Foreign Minister Steinmeier on the International Day against Nuclear Tests

29.08.2016 - Press release

Foreign Minister Frank-Walter Steinmeier issued the following statement in Berlin today (29 August) to mark the International Day against Nuclear Tests:

During my visit to Hiroshima in April, I gained an impression of the unspeakable suffering that is caused by the employment of nuclear weapons. To this day, Hiroshima serves as both a warning and a reminder of our duty: We must steadfastly pursue the aim of a world without nuclear weapons and prevent nuclear weapons from ever being used again.

On this International Day against Nuclear Tests, I therefore call on all those countries whose ratification is still required for the Comprehensive Nuclear-Test-Ban Treaty (CTBT) to ratify it without delay. Only when the CTBT enters into force will nuclear tests be fully prohibited under international law.

The age of nuclear testing must be ended once and for all.

Background information:

The International Day against Nuclear Tests was established by the United Nations in 2009. In cooperation with our European partners, and through the Non-Proliferation and Disarmament Initiative that was launched in 2010, Germany is campaigning hard for entry into force of the Comprehensive Nuclear-Test-Ban Treaty (CTBT).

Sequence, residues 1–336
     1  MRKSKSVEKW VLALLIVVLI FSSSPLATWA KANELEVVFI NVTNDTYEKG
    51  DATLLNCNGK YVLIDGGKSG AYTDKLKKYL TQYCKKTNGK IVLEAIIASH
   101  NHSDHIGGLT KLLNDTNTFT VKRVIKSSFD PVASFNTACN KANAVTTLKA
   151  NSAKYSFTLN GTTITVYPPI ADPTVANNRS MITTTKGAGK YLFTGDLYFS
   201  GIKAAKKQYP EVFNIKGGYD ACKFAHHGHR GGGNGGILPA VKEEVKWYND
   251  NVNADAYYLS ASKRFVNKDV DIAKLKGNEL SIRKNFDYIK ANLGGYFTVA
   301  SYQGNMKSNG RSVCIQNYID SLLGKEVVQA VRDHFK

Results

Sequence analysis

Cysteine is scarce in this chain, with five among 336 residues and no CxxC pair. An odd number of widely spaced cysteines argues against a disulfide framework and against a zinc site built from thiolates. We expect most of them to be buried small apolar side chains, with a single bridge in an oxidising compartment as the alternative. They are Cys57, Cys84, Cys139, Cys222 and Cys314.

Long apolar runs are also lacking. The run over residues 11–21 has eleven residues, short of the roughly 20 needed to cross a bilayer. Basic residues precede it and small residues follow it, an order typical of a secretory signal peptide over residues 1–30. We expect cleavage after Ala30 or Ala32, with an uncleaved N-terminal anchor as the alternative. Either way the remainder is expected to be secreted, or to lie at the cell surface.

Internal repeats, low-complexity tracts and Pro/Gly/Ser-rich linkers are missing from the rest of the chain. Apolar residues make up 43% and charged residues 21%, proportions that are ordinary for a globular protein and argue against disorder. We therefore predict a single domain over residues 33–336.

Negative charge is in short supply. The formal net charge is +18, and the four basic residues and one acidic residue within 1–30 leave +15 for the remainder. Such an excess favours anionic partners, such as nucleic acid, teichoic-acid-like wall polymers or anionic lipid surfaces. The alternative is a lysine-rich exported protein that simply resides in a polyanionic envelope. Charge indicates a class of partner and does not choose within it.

So far, 164 countries have ratified the CTBT. Ratification by China, Egypt, Iran, Israel and the United States is missing for the CTBT to enter into force. India, Pakistan and North Korea have not yet signed the CTBT.

Germany is a long-standing supporter of the CTBT and became a member of the Friends of the CTBT in 2013. Germany is the third-largest provider of funding for the Preparatory Commission for the Comprehensive Nuclear-Test-Ban Treaty Organization (CTBTO), which is based in Vienna. The monitoring stations of the CTBTO play an important role in detecting and investigating nuclear testing by North Korea. Even though the CTBT has yet to enter into force, a reliable verification regime is already in place, thanks in large part to contributions by Germany.

Find out more:

Treaty on the Non-Proliferation of Nuclea Weapons (NPT)

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